The Inflation Reduction Act’s (IRA’s) increase of the 45Q tax credit has created a bonanza around carbon removal.
This is Part 2 of a two-part blog series on environmental audits/assessments. The below article discusses the key characteristics of a robust assessment program. To learn more, check out the latest edition of ELI’s Law of Environmental Protection.
What are the key characteristics of a robust assessment program?
It’s a fact recognized by every well-behaved child: the attention always goes to the misbehaving sibling or classmate. Similarly, companies with strong environmental audit/assessment programs rarely receive much acclaim, despite publicizing their efforts in great detail. And why should they? These gold-star companies have minimal interaction with the enforcement arms of federal and state agencies.
When I last sat down to write this column, the Supreme Court had just issued its 6-3 decision in West Virginia v. EPA. As I said at the time, it was disheartening, and many in the environmental law field were assessing how to bounce back from its potential effects limiting agency action. Fast-forward two months, and while the concerns raised by that case aren’t gone, we’ve spun in the other direction.
Clean energy technologies require a variety of minerals of varying degrees of scarcity. As a result, decarbonizing the economy will entail expansion of mineral production—not only through imaginative reuse and recycling, but also through new mines and the permits required to build those mines. Some have called for a loosening of environmental standards to address this growing need.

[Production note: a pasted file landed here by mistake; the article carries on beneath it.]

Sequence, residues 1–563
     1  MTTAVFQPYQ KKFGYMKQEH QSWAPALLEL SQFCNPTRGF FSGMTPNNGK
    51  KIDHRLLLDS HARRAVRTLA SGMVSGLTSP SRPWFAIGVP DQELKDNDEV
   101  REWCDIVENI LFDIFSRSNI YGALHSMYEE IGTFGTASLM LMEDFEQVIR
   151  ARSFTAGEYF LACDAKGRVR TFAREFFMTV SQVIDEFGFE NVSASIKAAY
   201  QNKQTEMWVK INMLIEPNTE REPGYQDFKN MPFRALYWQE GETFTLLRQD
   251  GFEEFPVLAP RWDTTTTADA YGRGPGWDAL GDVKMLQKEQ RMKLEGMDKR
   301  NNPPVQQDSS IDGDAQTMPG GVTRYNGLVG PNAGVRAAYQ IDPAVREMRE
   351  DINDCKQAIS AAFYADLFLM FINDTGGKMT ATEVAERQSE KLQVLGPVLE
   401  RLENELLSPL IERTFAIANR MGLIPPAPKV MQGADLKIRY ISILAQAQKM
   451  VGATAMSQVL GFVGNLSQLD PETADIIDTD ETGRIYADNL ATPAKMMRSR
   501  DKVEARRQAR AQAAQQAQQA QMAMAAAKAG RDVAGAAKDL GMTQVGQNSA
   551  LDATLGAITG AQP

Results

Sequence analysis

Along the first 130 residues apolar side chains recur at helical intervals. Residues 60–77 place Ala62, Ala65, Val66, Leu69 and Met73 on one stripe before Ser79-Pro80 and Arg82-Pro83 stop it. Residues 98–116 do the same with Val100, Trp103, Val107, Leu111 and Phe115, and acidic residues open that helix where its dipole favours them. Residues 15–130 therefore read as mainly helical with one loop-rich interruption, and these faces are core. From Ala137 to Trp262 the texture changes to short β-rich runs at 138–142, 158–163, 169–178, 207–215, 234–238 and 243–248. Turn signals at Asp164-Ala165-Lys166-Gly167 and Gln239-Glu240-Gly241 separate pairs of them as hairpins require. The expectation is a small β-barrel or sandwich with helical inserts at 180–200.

Passed on August 16, 2022, the Inflation Reduction Act commits nearly $370 billion in direct investment to address climate change and energy production.
Developments this past summer—including the U.S. Supreme Court’s decision in West Virginia v. EPA and the historic passage of the Inflation Reduction Act (IRA)—have dramatically reshaped the future of U.S. climate law.
Recent judicial and administrative changes to the scope of the Clean Water Act of 1972 (CWA) have major implications for state regulators. In this month’s issue of ELR—The Environmental Law Reporter, ELI Senior Attorney James McElfish examines the existing legal framework for state protection of nonfederal waters and discusses potential impacts of upcoming federal decisions, including the U.S. Supreme Court’s consideration of Sackett v. Environmental Protection Agency in October.
When the pandemic started, it seemed you couldn’t turn a page or open an email without seeing “unprecedented” used in one context or another. And it was true—we were in uncharted territory, and among everything else, it was hard not to keep returning to that locution. I clearly remember sending a mass email using the word, thinking I was the first person to stumble upon this apt descriptor; little did I know how ubiquitous it would become.